“But I will be glad to put a million dollars of my own money in the bank that or any place else actually that anybody takes a differing view takes and have them put a million dollars in, and at the end of the year from when we do it if any American depositor has lost money from a bank failure, the other fellow gets to name where the $2 million goes to what charity”.
6. How to cure moral hazard in banking
Sometimes banks lose money in traditional ways. Other times they dream up new ways to lose money. One of the constants in the sector is moral hazard. The ones running these institutions seldom have anything to lose of things go bad. Buffett feels that curing moral hazards may cure the frequency and severity of the times when things go south.
7. Unforgiving to commercial real estate
Commercial real estate is supposedly at a crisis point and some people feel the government have to step in to backstop the plethora of loans that are maturing between now and 2025. With credit conditions tightening, many will struggle to refinance. Buffett is unsympathetic to these people; “if you make mistakes in business - you pay for ‘em”.
8. Approval of Powell
CNBC asked Buffett a number of questions about the Fed, Powell, if rates were too low for too long if they need to continue hiking, and so on and so forth. Buffett sidestepped most of them, straying into a tangent about how we can’t forecast the macro. Rightfully so. But where he did elaborate, was for his support of the actions and mentality of Jerome Powell, the sitting Chair of the Fed.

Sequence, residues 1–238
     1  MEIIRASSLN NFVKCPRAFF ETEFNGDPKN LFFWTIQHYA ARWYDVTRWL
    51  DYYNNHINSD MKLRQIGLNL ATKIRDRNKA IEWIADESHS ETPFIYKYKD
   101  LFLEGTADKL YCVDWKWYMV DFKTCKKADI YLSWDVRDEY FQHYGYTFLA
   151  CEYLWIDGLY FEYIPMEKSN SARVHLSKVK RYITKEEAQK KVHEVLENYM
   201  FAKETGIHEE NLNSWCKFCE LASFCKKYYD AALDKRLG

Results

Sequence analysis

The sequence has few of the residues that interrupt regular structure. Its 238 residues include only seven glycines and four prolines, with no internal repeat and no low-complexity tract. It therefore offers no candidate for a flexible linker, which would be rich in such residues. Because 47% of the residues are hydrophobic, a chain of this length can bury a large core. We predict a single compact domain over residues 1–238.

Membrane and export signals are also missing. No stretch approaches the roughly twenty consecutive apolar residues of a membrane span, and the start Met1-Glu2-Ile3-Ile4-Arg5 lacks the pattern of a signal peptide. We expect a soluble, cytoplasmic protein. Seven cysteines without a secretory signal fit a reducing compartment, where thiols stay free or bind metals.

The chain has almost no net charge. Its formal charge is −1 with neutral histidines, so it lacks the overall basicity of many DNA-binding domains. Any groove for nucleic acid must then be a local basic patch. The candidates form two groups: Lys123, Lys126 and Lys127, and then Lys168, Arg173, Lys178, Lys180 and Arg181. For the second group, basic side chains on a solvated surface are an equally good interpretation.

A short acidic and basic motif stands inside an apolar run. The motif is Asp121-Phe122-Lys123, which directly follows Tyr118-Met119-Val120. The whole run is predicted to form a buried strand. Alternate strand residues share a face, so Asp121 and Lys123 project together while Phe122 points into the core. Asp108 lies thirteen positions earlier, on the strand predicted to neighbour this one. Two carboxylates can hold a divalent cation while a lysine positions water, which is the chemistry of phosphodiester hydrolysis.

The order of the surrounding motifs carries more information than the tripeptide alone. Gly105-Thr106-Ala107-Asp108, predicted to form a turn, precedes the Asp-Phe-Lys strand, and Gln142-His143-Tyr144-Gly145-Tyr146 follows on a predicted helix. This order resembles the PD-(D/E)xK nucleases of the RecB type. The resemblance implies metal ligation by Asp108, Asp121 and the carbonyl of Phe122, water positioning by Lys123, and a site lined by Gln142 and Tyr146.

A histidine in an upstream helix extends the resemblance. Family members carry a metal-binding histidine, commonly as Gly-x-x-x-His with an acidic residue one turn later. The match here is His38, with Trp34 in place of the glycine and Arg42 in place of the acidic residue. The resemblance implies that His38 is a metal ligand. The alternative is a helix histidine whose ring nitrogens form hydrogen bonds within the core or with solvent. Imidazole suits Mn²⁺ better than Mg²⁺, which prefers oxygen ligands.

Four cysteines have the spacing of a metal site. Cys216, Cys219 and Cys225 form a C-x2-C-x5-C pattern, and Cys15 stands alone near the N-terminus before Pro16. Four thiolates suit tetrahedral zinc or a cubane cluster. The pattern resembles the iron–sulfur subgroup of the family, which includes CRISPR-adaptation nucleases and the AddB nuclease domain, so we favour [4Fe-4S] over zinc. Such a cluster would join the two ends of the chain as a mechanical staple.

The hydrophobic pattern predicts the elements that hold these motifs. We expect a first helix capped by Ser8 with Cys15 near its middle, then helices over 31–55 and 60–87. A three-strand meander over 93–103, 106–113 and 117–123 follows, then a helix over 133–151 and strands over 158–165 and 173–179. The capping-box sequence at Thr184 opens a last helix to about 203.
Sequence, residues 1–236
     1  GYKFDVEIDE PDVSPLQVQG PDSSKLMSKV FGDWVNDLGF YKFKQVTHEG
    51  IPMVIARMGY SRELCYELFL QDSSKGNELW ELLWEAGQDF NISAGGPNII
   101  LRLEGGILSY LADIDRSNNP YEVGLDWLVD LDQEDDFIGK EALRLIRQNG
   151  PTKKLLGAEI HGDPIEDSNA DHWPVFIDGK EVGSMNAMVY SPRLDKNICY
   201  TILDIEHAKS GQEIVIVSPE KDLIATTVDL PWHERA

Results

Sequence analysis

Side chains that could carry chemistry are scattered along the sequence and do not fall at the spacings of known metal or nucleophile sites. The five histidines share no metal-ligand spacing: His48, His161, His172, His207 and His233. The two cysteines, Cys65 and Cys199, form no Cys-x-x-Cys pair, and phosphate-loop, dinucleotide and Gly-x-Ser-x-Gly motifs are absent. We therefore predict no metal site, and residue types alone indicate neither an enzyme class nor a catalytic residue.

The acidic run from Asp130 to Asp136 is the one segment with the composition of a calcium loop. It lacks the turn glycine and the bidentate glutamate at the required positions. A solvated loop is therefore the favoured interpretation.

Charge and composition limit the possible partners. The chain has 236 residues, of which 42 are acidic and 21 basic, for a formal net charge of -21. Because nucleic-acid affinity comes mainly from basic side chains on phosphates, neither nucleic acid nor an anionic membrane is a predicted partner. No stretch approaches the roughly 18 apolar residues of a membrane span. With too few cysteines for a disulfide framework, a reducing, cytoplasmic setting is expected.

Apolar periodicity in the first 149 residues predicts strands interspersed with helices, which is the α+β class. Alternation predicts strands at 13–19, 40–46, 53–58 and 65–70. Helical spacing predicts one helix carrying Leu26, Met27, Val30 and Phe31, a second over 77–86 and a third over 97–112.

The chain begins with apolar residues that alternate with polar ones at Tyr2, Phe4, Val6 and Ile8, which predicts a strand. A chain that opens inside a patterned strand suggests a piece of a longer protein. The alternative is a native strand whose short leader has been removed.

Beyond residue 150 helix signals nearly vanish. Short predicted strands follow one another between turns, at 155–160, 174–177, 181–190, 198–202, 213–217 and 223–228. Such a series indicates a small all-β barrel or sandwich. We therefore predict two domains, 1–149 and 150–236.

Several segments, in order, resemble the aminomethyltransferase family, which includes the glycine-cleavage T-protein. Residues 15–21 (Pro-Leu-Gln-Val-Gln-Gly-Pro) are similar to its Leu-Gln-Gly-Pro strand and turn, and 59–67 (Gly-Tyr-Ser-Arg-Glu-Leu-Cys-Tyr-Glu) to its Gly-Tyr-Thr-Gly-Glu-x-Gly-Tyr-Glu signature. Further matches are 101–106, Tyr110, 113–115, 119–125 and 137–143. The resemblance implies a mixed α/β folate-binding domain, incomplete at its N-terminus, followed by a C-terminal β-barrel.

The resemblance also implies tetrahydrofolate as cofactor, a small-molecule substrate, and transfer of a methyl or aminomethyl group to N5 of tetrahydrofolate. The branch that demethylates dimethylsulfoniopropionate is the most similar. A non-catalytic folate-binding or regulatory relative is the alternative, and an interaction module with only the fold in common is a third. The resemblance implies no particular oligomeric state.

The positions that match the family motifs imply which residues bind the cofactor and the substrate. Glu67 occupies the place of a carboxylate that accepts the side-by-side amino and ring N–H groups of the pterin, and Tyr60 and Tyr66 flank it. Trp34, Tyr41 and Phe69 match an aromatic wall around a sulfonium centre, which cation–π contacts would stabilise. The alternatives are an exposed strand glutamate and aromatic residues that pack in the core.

Most of the inflation questions were sidestepped too, but when asked whether he fears a recession or inflation more, Buffett remarks that both have the potential to cause problems, but he is unsure what happens from here.
10. Apple China risk
Buffett has expressed concern about the China risk pertaining to Taiwan Semi. When asked if he feels the same way about Apple’s exposure to China, he avoids the question; simply citing that he “weighed that in”. Instead, he uses the time to explain why he thinks Apple is worthy of such an enormous weighting in the Berkshire portfolio.
Some interesting context on succession plans. While Buffett was born into the business, Abel had to work from scratch after joining Berkshire; regularly conversing with his portfolio company managers. Because of this, he has a more hands-on style when it comes to dialogue to that of Buffett. But at the same time, he understands that managers are left to run their companies.
12. Positive affirmations
Finally, it might feel like the near-term outlook for the world is bleak; but there is a lot to be optimistic about when you zoom out a little.
Thanks for reading,
watched squawk box live last night, lots of his comments are worth contemplation! (Side track: for all the Buffett interviews that I went through, I cannot help myself but wonder why it is always Becky that interview Warren! (Becky is fantastic! but I’d be curious what flavours Mr. Buffett’s CNBC interview will be if he is interviewed by Joe or Andrew)
Pretty good summary. Easy to read as well!